Zenith increases supply of renewable fuel in Pacific Northwest

By Zenith Energy | August 31, 2021

Zenith Energy, a global operator of independent liquid storage terminals, announced on Aug. 27 a nearly three-fold increase in the amount of low-carbon, renewable diesel to be handled and stored at the Portland facility.

This increase is the result of a new, long-term commitment with an existing customer who is committed to a low-carbon economy and providing renewable fuels to the greater Portland area. This commitment further supports Zenith's vision of the Portland Terminal as a premier logistical asset in the handling of renewable fuels, which will assist the city in meeting its own goals for reduction in the use of fossil fuels in support of the Oregon Clean Fuels Program.

"We acquired this Terminal to capitalize on the growing demand for renewable fuels in Oregon and throughout the western United States. This growth is being driven by aggressive and necessary carbon reduction goals being set by municipalities, states and the private sector," said Zenith CEO Jeff Armstrong. "The Portland Terminal can play a significant role in helping Oregon meet its carbon reduction goals by making clean, renewable fuels readily available for public and private sector fleet owners."

After assuming operation of the Terminal in 2017, Zenith terminated the crude oil export contract held by the prior operator and shifted its focus to meeting the West Coast's growing need for renewable fuels. With the commitments announced today, Zenith estimates that 17 percent of the fuels stored at the Portland Terminal will be renewable by the end of 2021 and predicts that renewable fuels will constitute nearly half the Portland Terminal's capacity by 2026. Zenith is in the process of acquiring permits for the Portland Terminal to build dedicated renewable fuel infrastructure to meet the anticipated market demand.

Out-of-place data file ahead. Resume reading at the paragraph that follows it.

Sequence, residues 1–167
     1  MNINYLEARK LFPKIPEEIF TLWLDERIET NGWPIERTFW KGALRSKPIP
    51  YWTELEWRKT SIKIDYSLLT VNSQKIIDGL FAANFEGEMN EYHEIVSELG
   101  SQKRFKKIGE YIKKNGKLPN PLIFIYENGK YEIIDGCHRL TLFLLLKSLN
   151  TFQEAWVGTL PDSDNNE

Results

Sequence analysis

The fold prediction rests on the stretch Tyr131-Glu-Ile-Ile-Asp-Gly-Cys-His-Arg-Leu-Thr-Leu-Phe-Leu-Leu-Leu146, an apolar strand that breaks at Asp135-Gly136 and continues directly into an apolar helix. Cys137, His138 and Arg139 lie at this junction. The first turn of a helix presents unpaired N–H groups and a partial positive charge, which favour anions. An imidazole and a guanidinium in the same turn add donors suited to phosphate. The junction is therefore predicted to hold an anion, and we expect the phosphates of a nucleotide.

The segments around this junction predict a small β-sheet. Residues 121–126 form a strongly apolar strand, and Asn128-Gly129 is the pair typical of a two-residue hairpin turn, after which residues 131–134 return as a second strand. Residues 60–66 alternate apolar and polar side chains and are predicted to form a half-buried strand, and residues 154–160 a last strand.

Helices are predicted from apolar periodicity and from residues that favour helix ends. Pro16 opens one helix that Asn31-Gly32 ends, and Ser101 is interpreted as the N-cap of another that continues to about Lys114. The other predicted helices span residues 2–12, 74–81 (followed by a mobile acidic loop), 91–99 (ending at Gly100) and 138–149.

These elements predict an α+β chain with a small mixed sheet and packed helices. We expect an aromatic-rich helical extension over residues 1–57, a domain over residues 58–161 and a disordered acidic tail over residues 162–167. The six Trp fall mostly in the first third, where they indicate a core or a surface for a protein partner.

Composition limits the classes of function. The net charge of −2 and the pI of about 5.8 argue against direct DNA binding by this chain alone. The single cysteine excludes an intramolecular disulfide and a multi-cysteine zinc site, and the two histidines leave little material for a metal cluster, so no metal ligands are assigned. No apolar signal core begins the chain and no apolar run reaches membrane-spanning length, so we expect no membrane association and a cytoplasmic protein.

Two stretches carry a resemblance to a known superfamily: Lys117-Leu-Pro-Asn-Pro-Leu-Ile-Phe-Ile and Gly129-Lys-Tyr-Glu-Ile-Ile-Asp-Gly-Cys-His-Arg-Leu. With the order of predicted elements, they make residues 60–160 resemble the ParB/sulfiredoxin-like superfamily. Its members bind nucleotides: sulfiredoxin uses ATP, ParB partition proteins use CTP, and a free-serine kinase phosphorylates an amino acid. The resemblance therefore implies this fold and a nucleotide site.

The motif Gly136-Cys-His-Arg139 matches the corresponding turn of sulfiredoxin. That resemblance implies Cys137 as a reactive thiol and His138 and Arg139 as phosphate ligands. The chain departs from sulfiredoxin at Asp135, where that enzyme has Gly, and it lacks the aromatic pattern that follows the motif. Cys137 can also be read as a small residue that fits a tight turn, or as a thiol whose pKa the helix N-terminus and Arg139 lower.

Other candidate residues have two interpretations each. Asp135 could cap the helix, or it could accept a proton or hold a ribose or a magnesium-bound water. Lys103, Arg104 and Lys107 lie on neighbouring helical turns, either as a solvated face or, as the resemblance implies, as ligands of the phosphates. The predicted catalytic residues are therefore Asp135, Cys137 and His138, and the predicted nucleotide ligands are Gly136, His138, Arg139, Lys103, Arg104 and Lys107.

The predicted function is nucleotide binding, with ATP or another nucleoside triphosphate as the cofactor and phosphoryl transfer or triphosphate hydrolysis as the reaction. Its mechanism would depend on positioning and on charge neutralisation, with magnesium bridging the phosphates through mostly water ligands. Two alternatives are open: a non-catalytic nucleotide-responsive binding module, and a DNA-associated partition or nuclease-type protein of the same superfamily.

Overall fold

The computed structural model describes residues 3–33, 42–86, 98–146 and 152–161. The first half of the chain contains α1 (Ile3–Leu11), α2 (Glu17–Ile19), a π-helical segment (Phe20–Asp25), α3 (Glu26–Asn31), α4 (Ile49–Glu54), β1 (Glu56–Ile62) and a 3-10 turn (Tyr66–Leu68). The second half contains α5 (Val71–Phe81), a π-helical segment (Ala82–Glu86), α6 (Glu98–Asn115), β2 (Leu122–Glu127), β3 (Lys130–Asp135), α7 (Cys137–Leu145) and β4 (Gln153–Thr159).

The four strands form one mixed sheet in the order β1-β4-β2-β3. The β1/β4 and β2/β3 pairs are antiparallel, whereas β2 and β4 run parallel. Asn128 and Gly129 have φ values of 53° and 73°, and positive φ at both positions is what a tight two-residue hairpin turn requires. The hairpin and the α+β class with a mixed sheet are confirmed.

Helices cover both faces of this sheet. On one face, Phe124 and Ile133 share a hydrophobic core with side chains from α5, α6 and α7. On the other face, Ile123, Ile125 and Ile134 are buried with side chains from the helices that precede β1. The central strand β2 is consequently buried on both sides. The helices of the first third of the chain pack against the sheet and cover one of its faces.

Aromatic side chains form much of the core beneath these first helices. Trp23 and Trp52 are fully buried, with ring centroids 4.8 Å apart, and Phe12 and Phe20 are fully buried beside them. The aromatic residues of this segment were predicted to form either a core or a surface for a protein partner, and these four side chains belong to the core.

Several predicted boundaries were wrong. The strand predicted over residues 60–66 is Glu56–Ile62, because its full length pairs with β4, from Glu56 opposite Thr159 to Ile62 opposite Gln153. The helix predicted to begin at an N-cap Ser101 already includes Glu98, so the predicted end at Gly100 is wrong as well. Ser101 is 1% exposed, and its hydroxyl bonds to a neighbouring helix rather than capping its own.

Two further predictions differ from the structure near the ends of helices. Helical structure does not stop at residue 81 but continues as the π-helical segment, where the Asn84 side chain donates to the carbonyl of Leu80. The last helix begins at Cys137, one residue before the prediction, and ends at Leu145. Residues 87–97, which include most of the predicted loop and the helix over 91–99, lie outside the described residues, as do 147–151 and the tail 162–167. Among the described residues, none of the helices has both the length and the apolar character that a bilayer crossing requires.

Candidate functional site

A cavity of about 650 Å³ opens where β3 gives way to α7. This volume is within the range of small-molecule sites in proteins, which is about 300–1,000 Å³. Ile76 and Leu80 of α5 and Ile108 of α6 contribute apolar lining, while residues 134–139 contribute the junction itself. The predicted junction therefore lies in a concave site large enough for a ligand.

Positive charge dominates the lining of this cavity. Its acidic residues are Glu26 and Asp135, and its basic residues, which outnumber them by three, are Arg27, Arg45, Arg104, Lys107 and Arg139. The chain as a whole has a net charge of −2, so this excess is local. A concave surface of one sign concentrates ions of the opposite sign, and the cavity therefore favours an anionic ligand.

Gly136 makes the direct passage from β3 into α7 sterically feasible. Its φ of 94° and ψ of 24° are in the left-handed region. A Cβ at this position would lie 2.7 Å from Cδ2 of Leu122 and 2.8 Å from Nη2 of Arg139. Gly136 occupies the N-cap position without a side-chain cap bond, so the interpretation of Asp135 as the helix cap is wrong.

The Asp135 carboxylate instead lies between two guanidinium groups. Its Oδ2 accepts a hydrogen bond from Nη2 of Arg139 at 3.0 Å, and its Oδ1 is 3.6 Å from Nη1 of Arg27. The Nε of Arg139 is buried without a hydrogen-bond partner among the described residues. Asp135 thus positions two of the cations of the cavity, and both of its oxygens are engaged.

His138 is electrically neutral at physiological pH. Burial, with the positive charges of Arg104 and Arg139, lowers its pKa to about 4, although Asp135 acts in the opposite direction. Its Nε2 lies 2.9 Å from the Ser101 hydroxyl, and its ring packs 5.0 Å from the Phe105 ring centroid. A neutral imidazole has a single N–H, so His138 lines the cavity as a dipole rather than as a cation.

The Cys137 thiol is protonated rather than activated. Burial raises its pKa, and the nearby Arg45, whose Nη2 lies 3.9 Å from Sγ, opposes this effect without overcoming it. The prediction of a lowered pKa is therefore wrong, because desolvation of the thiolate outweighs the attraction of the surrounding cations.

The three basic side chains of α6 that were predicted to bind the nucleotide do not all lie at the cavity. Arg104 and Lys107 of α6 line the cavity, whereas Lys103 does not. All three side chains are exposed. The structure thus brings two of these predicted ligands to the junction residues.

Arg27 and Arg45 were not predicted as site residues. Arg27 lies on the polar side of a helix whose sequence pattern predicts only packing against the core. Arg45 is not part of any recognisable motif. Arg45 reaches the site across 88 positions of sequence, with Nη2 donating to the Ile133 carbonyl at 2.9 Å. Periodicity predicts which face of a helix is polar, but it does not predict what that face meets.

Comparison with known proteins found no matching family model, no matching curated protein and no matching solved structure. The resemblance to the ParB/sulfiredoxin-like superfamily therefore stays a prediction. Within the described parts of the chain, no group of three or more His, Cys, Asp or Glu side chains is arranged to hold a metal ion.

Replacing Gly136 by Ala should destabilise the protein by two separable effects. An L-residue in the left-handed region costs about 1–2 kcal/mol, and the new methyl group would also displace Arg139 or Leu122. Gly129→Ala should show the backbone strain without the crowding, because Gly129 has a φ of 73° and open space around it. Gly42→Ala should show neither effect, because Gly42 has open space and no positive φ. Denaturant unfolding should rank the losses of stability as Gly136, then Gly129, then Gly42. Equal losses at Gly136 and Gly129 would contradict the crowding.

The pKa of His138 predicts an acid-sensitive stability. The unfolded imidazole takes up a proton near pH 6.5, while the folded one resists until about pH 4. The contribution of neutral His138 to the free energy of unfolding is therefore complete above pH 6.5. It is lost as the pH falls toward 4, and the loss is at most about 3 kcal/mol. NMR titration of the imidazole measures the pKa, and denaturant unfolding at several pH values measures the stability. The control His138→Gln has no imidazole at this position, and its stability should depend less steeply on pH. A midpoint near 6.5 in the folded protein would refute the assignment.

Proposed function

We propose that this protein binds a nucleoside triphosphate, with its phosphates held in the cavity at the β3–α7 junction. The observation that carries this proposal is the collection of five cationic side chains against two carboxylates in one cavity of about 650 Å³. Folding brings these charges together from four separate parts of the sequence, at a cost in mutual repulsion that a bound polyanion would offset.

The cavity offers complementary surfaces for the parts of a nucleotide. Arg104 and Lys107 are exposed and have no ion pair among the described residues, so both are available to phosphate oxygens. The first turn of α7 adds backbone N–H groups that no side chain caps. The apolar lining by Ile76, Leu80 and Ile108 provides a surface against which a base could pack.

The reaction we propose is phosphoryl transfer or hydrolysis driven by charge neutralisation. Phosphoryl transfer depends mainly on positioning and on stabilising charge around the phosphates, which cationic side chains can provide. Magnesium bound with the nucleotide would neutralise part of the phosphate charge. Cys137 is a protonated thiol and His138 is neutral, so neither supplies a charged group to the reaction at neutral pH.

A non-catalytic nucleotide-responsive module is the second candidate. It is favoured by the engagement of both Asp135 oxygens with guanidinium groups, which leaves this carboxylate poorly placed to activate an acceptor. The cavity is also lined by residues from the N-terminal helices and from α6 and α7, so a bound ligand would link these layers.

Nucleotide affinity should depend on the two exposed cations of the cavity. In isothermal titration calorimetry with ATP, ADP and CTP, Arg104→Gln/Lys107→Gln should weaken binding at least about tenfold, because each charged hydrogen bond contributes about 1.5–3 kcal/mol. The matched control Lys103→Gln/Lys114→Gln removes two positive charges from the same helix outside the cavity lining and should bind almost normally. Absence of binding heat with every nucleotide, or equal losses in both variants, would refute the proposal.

"Since transportation fuels are the world's largest source of greenhouse gas emissions, the transition of the Portland Terminal's capacity to an increased focus on renewable fuels demonstrates the impact Oregon can make by reshaping its existing energy infrastructure," said Armstrong. "Because renewable diesel works with the transportation industry's existing distribution infrastructure and engines, Oregon's network of pipelines, storage tanks, and fueling sites can be repurposed to rapidly scale its availability. This is a major advantage that will enable renewable diesel to replace fossil fuels faster and more affordably."

The benefits of renewable diesel are well documented. Renewable fuels have been shown to result in an up to 80 percent reduction in greenhouse gas emissions as compared to fossil fuels. Over the past decade, California's use of renewable diesel has prevented more than 30 million tons of CO2 from entering the atmosphere. Renewable diesel also significantly reduces other pollution, including fine particles, nitrogen oxides, hydrocarbons, and carbon monoxide.